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24 Fancy French Dog Breeds – The Ultimate Guide to Dogs from France

There are approximately 57 French dog breeds in the world.
Written by Richard Jeng

What’s comes to mind when you think of France? Fashion, the cuisine, FC Paris and most likely the Eiffel Tower. But as a dog lover, I think of the 57 amazing French dog breeds. Yes, there are that many of them, and we have France to thank for that.

In fact, France is tied with Great Britain for producing the most number of dog breeds! Though, Germany follows closely with 47 dog breeds of their own. And if you’re interested, check out my guide to all 31 recognized German dog breeds.

While mainly used for work in the past, French dogs have made their way all over the world – for good reason! Many are excellent gun-dogs, whereas others are first-class guardians of people or sheep flocks. So, let’s dive into the 24 recognized French breeds.

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Small French Dogs

Dog breeds from France come in all sizes, including small – or as I like to call them, the fun size. They’re fantastic small dogs that have become widely popular lap dogs and playmates. What’s a small French dog? We classify these dogs as 5 to 22 pounds in weight.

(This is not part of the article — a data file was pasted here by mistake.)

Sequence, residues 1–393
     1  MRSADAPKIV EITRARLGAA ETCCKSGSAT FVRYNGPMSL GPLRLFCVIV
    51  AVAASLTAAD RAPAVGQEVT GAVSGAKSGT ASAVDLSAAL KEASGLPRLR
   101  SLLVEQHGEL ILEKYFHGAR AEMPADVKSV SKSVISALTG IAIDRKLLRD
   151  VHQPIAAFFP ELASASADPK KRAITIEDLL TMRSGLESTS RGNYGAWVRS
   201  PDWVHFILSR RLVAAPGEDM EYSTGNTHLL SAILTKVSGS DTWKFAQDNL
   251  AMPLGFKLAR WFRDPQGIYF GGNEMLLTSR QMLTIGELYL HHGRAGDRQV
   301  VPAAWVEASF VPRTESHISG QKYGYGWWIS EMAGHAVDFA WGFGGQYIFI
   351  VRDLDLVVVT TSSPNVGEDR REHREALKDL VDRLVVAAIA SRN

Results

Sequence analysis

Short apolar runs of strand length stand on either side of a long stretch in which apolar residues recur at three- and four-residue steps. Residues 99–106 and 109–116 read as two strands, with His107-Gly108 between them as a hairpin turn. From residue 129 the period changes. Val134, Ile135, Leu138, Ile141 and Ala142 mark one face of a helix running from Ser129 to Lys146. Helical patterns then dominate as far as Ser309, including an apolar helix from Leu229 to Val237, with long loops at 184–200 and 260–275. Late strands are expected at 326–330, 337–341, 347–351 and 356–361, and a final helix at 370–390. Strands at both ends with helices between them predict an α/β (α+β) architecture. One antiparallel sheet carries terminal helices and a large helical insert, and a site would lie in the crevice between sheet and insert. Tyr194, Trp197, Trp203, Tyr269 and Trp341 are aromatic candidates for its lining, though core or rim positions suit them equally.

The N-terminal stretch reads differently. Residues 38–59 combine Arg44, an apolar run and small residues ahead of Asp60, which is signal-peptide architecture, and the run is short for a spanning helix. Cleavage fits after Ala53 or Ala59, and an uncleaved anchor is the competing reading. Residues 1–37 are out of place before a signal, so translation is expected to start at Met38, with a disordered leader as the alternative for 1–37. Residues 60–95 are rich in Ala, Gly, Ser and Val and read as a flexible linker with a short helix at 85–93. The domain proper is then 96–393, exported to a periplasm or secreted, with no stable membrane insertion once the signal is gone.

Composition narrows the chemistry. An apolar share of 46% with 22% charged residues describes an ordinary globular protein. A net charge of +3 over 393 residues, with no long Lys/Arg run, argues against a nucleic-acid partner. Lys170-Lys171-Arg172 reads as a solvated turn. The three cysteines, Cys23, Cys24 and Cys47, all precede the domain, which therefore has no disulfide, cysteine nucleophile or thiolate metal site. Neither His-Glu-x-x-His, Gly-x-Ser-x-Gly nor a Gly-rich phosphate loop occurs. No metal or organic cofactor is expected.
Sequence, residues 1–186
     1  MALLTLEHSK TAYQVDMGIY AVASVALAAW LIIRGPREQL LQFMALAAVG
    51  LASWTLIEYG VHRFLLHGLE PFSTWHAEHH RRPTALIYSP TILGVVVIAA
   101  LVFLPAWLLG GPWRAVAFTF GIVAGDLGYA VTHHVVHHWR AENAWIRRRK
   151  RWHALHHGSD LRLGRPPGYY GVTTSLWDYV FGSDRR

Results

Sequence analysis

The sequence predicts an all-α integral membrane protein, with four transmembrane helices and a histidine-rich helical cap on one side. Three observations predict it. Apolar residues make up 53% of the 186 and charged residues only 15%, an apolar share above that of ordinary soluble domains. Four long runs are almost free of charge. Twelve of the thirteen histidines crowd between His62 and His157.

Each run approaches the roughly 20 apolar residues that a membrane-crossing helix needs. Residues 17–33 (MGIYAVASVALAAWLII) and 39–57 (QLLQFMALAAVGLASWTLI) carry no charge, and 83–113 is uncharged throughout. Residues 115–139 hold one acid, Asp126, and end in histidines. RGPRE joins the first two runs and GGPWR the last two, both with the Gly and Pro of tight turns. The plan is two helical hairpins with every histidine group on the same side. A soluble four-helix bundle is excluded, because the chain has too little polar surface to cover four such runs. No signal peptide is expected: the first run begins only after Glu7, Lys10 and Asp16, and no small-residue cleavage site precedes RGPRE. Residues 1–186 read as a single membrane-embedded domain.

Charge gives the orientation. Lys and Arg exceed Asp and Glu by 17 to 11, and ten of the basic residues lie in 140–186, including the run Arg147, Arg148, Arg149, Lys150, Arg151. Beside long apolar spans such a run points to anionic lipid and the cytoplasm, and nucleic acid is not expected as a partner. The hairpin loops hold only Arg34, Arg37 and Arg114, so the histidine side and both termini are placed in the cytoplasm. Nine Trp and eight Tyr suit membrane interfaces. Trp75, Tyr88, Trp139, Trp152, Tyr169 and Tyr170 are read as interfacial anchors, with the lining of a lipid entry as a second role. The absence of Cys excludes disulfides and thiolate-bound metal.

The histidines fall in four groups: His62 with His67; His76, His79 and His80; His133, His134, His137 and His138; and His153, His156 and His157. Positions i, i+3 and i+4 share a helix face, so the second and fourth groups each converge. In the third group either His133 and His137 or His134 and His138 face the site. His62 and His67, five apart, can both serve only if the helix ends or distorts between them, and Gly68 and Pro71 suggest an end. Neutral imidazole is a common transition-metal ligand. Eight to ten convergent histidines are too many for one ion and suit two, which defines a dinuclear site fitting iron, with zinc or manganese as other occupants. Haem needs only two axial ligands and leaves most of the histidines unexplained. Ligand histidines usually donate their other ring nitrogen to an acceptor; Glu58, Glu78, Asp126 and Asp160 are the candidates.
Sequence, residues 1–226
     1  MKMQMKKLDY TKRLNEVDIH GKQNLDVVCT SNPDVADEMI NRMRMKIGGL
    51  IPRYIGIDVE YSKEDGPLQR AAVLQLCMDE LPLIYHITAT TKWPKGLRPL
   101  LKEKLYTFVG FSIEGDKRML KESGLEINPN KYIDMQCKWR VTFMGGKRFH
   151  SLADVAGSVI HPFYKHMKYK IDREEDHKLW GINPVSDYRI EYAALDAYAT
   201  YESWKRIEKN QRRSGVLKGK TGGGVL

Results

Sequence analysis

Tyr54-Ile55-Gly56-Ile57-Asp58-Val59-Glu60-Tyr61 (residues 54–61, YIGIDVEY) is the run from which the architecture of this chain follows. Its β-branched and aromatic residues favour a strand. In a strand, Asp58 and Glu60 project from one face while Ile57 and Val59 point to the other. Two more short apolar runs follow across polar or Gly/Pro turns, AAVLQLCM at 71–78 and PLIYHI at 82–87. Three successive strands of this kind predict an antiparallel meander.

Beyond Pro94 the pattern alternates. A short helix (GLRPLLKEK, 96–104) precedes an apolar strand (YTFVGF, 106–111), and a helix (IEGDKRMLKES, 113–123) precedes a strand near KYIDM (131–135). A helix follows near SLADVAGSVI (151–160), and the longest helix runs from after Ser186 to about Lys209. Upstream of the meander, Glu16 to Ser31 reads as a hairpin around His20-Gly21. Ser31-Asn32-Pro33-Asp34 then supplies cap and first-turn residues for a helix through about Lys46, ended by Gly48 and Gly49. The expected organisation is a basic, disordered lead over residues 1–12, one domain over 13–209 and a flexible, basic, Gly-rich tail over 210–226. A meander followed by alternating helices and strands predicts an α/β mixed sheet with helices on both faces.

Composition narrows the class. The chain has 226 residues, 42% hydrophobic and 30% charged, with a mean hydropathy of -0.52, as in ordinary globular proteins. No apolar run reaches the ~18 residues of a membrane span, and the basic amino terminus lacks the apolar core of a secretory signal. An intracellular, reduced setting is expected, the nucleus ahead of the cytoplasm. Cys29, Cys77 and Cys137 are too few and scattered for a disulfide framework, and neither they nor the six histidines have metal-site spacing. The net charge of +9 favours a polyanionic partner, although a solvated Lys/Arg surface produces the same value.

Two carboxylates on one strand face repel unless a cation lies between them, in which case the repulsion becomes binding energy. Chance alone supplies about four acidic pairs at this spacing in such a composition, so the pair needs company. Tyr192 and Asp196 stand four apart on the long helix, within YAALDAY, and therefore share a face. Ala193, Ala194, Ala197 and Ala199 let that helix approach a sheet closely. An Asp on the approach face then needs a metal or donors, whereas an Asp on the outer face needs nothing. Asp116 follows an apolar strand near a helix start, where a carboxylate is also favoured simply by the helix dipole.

1. Toy Poodle

Highlights: Lively, Intelligent, Confident

Some claim Poodles originated from Germany, however, many say they’re from France. But no matter where the true origins, few people can deny the charm of a Toy Poodle. They’re sweet, lively and energetic, making them perfect for older kids.

Unlike the other size variations, Toy Poodles are adventurous and spirited little dogs that tend to understand when to play and when to obey. While they can be great lap dogs, their energetic drive means they’ll need moderate exercise, despite being small.

  • A Toy Poodle’s coat will never stop growing. However, they don’t shed a lot either, so regular grooming is necessary.
  • The Poodle is the national dog breed of France. Hence, the “French Poodle.”
  • Technically, the Toy Poodle was first bred in America. However, this variation originated from the Standard Poodle.